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Sponsored by 

  • FWF, Projects 14992 & 18624
  • OeNB Projects 8977 & 10301

Research as a foundation for the re-introduction of wild horses

The volume of research taking place in the Great Gobi B Strictly Protected Area in Mongolia is considerable.  Multiple investigations of behaviour, requirements, and habitat of wild horses (Takhi or Przewalski horses) and asses (Khulan) and other wildlife, in particular the wild Bactrian camels, are being undertaken at a research station (originally established in 1992) in Takhin Valley at the border of the Great Gobi B Strictly Protected Area. 

The Research Institute of Wildlife Ecology is co-ordinating the research on wild equids, under the leadership of Prof. Dr. Chris Walzer and Dr. Petra Kaczensky and in co-operation with the International Takhi Group, der National Park Administration, and the r National University of Mongolia in Ulaan Bataar (NUM ).  Their aim is to provide the scientific foundation for a successful long-term re-introduction of Mongolian wild horses.  In 2005 the Austrian Ministry of Agriculture & Environment and the International Takhi Group funded the construction of a new National Park Building.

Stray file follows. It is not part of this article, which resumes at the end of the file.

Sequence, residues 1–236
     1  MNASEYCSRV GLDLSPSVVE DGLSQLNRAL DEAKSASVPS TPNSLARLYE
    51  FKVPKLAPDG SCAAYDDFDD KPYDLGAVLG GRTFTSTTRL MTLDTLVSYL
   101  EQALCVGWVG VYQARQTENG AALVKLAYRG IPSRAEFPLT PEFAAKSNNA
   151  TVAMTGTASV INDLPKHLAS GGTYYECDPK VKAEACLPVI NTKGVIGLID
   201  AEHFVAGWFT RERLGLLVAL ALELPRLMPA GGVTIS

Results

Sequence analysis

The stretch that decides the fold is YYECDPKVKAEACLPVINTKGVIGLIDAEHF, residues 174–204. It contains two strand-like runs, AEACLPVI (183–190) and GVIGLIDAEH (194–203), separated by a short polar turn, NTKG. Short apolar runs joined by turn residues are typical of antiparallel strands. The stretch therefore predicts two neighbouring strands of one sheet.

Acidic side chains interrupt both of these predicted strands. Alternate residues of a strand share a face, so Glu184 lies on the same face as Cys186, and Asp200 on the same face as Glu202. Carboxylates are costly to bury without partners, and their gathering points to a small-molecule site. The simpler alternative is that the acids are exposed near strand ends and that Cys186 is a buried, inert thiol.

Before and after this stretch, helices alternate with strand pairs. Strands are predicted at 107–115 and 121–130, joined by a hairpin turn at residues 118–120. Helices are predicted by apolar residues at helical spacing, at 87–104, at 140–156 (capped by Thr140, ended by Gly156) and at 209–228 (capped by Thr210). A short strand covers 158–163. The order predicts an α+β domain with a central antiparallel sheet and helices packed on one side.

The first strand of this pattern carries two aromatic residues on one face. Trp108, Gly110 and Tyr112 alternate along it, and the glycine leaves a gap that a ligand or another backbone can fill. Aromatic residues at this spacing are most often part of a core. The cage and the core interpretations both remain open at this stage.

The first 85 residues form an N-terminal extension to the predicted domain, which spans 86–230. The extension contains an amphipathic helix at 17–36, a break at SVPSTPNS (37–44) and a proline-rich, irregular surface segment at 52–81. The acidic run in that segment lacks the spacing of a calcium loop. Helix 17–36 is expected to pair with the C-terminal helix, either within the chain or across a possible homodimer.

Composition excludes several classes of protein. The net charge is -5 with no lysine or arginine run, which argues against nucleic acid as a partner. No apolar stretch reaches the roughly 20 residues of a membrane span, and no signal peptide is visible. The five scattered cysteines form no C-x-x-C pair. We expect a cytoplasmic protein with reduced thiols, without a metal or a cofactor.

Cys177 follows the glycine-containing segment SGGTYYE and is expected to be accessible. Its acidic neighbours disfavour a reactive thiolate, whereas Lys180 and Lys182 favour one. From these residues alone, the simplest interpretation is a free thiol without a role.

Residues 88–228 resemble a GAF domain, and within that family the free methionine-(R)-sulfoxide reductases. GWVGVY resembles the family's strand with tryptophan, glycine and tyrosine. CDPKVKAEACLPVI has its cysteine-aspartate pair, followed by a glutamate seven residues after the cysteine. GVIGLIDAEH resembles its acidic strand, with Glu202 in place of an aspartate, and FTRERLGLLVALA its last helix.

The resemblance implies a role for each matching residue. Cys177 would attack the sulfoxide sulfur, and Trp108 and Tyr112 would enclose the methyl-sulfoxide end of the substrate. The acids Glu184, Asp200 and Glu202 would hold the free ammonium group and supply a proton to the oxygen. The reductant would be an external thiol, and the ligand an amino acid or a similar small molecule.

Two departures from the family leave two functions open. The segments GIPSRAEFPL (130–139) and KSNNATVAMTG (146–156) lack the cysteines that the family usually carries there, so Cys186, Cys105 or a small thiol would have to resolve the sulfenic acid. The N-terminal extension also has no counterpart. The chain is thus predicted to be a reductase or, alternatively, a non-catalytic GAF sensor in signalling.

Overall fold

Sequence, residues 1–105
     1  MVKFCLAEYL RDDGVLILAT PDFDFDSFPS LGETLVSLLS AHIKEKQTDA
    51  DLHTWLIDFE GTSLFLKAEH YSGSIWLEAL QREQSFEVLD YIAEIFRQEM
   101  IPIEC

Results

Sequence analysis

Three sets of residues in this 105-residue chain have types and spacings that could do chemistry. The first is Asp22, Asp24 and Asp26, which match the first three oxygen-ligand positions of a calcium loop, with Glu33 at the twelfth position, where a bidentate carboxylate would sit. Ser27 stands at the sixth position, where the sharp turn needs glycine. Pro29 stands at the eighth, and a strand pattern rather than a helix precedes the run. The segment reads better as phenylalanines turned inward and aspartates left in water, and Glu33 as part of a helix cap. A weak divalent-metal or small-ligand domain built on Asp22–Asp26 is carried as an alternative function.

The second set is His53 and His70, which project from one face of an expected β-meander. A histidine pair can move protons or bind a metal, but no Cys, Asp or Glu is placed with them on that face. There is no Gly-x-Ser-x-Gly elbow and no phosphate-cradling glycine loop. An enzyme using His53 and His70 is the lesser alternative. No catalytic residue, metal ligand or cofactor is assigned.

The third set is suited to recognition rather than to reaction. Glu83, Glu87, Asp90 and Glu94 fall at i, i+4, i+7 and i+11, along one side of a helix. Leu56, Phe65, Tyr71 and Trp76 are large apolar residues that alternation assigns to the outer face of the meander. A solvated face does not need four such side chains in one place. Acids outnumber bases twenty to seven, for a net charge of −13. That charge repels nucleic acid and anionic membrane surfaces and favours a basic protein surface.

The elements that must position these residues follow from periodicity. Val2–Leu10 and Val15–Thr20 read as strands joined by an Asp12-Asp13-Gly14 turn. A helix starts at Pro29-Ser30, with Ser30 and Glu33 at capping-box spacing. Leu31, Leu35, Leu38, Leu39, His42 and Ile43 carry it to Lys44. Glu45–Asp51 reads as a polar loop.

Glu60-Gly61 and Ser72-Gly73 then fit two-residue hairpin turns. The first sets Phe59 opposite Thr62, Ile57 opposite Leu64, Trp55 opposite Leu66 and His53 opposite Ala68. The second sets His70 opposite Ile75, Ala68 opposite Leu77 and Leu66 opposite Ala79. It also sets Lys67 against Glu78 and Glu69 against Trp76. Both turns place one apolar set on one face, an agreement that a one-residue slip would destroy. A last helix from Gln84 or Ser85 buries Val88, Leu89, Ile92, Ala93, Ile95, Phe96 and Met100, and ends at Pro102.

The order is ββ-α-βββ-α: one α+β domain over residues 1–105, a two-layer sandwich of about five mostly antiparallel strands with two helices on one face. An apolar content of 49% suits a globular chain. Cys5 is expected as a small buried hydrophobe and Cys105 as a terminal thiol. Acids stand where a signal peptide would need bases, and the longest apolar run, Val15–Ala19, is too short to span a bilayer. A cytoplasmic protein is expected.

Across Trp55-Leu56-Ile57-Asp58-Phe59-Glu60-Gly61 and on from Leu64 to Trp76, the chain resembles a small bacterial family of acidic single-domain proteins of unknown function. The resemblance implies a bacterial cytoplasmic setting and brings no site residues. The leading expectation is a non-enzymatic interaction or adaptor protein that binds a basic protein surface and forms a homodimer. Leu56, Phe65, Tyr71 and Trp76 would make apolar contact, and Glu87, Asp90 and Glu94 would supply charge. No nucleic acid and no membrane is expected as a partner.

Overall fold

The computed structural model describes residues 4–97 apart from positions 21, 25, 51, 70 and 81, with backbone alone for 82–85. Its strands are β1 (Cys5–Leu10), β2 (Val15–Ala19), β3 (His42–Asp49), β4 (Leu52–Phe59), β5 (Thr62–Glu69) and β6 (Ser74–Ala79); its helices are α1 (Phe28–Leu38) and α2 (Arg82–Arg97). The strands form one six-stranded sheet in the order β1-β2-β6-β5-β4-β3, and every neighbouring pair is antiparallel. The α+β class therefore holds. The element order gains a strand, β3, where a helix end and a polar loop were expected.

Over the past 10 years many young national and international researchers completed scientific research at the  Great Gobi B Strictly Protected Area.  Local wildlife rangers ensure the continuous monitoring of the wild horse population and enforce Park regulations. 

The long-term goal is to transfer enough knowledge and technology to Mongolian scientists to enable them to continue managing the project independently.  One of the young Mongolian researchers, Oyunsaikhan Ganbaatar, is now Director of the wild horse station and of the National Park Great Gobi B. 

Read more about the  Save the wild horse project

Info about Takhi monitoring by GPS

Reseach on wild Bactrian camels

Apart from research and management of wild equids our scientists also contribute to monitoring the populations of wild Bactrian camels that live in the Great Gobi A Strictly Protected Area in Mongolia and in the deserts of Lop Nuur and Taklamakan in China.  Relatively little is known about the habitat use of these animals.  For their continued existence it is important to know where the animals roam so that their habitat can be properly protected.   To find out more about their whereabouts, scientists repeatedly collar individual camels with GPS-satellite devices that provide valuable locational data.  In addition, genetic analyses help determine the degree of hybridization within wild camel populations and the genetic relationship to domestic Bactrian camels.

Read more about collaring wild camels in the Gobi